Invertebrate rescue and the Rights of Women

Happy birthday to me! Happy birthday to me! Happy birthday to meeeeee! Eeeeeeeeeeeepc!!!!

I got a tiny cute little computer for my birthday!

And pancakes and colorful drawings, and everyone being together, and the beach, and seeing the Kung Fu Panda movie (which I wrote up briefly this morning for Body Impolitic), and some fabulous zines, and Flora Tristan‘s The Workers’ Union. (DROOOOOL, I love Flora Tristan so much! I’ve read her Peregrinations of a Pariah and her London travel journal and some of her political writing! But not this, ever. It’s amazing.)

Rook made the pancakes and had also made cookies the night before. After the movie last night we all ran around Yerba Buena Park, went to the MLK waterfall, and it was super nice (but tiring). He and Moomin were doing fake kung fu and then I think for the rest of the evening and the next day they were playing they were superpowered kung fu animals. Rook and Zond-7 and I watched the two newest Doctor Who episodes and they were JUST GREAT and very disturbing.

Today! I almost wimped out on an Expedition. Went anyway.

Went to the beach! Everything on the drive down rt. 1 stunningly beautiful. My favorite tiny beach inside the breakwater! Kids rocketing around! They built a sand castle with me & ran around like wild things. Lucked out no traffic no fog, only a bit windy! Saw many moon jellies, harbor seals sticking up their heads from the water, grebes pelicans cormorants and terns. Rolled & walked rather a long way. (I am exhausted but aside from the pain in my leg am okay, it’s more like regular exercise exhaustion, but I don’t know how much I can do tomorrow physically).

Then when we walked to the point to sit on the wall, we saw a guy surf fishing. He pulled something out of the water with a gaff, inspected it, and threw it down onto the sand. He was far enough away that it was hard to tell what it was. But… it looked like the shape of a giant gumboot chiton and I saw a flash of orange underneath. I didn’t have my crutches (having gone from the path to the wall on Zond-7′s arm) and there was no way I could get to it. “You could find out…” “I won’t know what it is!” “You could bring it to me!” “WHAT!!! Pick it UP???!!!!” I couldn’t believe it when he really picked it up and started bringing it over. I mean, this is a thing pretty much as big as a human liver and kind of the same texture. Or, like, a liver mixed with a smallish nerf football. OMG I started bouncing around and going “YAYYYYYY!!!” Guess what, it was indeed the most humonguous gumboot chiton I have ever seen. It’s my favorite kind! I saw the magnetite-tipped teeth of its radula! and they were super disgustingly creepily awesome! Anyway this thing had to be a foot long! We held it for a while and then Zond-7 was totally a hero and clambered out onto the rocks with it and dramatically threw it into as deep and rocky a spot as he could manage. I’ve never seen one at this beach and it seemed like a sort of fabulous omen for it to be my birthday and that I got to hold my favorite invertebrate.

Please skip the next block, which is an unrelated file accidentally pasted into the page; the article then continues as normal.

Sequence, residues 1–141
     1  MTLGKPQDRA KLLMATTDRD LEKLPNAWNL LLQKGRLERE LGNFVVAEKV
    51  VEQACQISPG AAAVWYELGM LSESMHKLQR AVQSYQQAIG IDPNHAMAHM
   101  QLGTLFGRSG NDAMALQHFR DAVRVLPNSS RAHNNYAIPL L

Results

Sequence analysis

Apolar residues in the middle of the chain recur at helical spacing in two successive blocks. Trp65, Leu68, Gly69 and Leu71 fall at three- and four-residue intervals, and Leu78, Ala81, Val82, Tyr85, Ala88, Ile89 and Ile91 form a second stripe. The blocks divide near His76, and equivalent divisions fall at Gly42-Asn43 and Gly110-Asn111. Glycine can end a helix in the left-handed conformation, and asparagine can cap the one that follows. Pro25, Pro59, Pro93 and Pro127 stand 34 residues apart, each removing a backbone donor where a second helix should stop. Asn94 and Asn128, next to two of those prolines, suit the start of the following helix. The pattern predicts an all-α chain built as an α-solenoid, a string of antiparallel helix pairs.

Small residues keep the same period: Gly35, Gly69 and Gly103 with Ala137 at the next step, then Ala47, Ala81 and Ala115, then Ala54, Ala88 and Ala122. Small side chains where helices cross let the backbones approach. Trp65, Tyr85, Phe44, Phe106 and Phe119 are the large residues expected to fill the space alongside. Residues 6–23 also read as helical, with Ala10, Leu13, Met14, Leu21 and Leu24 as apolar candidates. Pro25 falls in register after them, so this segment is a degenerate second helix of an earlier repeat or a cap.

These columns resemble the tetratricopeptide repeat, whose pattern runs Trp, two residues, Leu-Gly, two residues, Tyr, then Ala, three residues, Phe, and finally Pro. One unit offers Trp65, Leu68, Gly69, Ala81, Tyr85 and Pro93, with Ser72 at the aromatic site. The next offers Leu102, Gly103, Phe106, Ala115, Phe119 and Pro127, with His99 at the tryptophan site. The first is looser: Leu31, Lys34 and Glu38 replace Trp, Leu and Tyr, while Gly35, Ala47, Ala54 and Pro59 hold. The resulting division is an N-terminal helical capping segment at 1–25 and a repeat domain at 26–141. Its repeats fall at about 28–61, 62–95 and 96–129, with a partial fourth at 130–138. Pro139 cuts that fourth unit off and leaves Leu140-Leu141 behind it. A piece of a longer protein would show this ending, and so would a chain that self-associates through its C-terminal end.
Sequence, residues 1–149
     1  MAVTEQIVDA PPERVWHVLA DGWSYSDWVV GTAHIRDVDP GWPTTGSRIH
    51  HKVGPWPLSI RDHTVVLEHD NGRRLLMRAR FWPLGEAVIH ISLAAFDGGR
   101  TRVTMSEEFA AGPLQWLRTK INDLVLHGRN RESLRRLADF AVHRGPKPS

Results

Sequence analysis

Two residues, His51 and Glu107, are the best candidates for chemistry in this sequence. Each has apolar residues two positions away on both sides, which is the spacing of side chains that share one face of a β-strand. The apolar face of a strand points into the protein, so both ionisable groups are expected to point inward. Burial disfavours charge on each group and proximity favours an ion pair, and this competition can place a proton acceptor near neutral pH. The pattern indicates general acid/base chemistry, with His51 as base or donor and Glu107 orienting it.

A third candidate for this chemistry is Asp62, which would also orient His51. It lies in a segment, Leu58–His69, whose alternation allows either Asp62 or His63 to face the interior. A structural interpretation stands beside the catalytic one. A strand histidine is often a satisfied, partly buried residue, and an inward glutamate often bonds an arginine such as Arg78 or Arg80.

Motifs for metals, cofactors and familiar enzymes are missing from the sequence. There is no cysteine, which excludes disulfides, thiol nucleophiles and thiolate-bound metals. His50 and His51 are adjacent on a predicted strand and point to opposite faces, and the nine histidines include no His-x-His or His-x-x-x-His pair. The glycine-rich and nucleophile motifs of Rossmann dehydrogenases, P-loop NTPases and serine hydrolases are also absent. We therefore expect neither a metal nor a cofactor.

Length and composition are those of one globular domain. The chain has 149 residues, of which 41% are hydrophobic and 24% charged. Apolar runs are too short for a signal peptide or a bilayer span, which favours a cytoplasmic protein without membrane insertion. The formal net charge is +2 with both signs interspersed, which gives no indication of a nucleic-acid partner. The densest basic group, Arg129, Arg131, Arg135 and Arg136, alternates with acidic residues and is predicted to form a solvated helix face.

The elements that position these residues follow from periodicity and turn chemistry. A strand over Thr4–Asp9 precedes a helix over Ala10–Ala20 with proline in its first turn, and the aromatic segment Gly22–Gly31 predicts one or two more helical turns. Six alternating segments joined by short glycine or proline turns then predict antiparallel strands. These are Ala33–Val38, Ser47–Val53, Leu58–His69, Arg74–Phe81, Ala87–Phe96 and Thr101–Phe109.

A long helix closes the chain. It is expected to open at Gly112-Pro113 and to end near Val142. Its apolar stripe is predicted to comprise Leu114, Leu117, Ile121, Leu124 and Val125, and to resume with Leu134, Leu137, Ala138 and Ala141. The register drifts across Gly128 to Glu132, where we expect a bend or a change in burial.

The beach has become a mixture of sublime and boring, like that Berlioz opera.

I thought about how intensely my perceptions and experience have changed over the course of my life. When I was a kid, I loved the cold. It felt just cold, but not bad. There was an initial shock, then I welcomed the cold and felt like I was made of knives and wind. I’d breathe in the cold, or open myself up to the 50 degree sea water, and expand like the universe, jumping around, body surfing, rolling in the snow, whizzing down a hill on my flying saucer. My lips would turn blue and I’d shiver uncontrollably, and someone would make me come out of the water or into the house or car. But now, there is no way I can enjoy the cold, or even tolerate it without intense pain. I thought of times when I’ve heard people (talking to me, or others) cajoling, persuading, bullying: “Come on! It’s not so cold! You’ll get used to it!” They could say that to me now, and it wouldn’t be true. Likewise, I thought of all the old people who I grew up around, and their constant horror at how cold I must be, and how impossible it was for them to understand that I was not suffering from cold air or water or snow, to the point of complete disrespect of my reported experience. I thought of how many experiences like this there are. Not just cold or heat, but pain, the tastes of food, emotional suffering, oppression, sanity, *reality*. People change over the course of their lives, and know, or should know, that it is possible to perceive the world and experience very differently and that cold DOES feel good, and that also, cold DOES feel bad and terrible, and there is a giant spectrum of true experience. In other words, I marvel that people don’t respect others’ subjectivity or reported experience. How can they not have learned some measure of empathy, merely from the changes they’ve been through in their own lives and the different people they were and are and will be? I said some of this to Zond-7 who replied that people are alienated from their former selves, their younger selves, and instead construct narratives in which they used to be wrong, and now are right. I felt like I was seeing in greater depth how it is that people lose or never develop a sense of that respect and empathy and how related it is (or can be ) to discontinuity of identity and self hate/disrespect. I realized that “self respect” has to include all your selves across time. Zond-7 went on to talk about the evening person (who stays up too late) dissing the morning person (your future self who you are screwing up by staying up too late) so that the morning person (future you) is really angry at past you from the evening before. (Hmm, I am still thinking about that and myself and my issues with health and driving myself too hard.) We made some remarks on how lovely it would have been in a way to have these thoughts in 1789 or something when we could have written “A Treatise on the Unities and Discontinuities of Human Consciousness and the Rational Social Mind” and been studied like geniuses hundreds of years later but instead it will be like “LiveJournal entry, ho hum, 2 comments”. Hahaha! We didn’t mean it and do believe it is a million million times better to have the net and have everyone saying this sort of thing in casual asides to ferment & propagate like letters but more discoverable.